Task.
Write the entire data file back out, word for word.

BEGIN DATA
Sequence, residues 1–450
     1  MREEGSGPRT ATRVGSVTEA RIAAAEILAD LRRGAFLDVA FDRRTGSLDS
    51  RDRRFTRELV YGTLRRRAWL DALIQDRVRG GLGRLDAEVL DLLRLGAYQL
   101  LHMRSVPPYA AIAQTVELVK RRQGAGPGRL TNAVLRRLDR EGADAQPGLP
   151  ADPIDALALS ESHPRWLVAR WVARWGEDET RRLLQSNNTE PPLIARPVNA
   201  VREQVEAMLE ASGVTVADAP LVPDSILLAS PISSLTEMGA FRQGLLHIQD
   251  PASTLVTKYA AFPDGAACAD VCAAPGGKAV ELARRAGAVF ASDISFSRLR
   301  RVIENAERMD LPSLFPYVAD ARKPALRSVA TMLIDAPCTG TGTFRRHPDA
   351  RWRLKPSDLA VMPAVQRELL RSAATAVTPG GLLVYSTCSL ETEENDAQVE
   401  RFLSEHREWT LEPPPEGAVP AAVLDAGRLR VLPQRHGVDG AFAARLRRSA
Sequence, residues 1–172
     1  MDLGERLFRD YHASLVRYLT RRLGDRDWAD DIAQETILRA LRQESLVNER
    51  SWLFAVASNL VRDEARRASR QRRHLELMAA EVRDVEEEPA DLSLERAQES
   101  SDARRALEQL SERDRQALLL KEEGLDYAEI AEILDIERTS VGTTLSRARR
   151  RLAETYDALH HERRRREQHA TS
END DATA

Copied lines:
Sequence, residues 1–450
     1  MREEGSGPRT ATRVGSVTEA RIAAAEILAD LRRGAFLDVA FDRRTGSLDS
    51  RDRRFTRELV YGTLRRRAWL DALIQDRVRG GLGRLDAEVL DLLRLGAYQL
   101  LHMRSVPPYA AIAQTVELVK RRQGAGPGRL TNAVLRRLDR EGADAQPGLP
   151  ADPIDALALS ESHPRWLVAR WVARWGEDET RRLLQSNNTE PPLIARPVNA
   201  VREQVEAMLE ASGVTVADAP LVPDSILLAS PISSLTEMGA FRQGLLHIQD
   251  PASTLVTKYA AFPDGAACAD VCAAPGGKAV ELARRAGAVF ASDISFSRLR
   301  RVIENAERMD LPSLFPYVAD ARKPALRSVA TMLIDAPCTG TGTFRRHPDA
   351  RWRLKPSDLA VMPAVQRELL RSAATAVTPG GLLVYSTCSL ETEENDAQVE
   401  RFLSEHREWT LEPPPEGAVP AAVLDAGRLR VLPQRHGVDG AFAARLRRSA
Sequence, residues 1–172
     1  MDLGERLFRD YHASLVRYLT RRLGDRDWAD DIAQETILRA LRQESLVNER
    51  SWLFAVASNL VRDEARRASR QRRHLELMAA EVRDVEEEPA DLSLERAQES
   101  SDARRALEQL SERDRQALLL KEEGLDYAEI AEILDIERTS VGTTLSRARR
   151  RLAETYDALH HERRRREQHA TS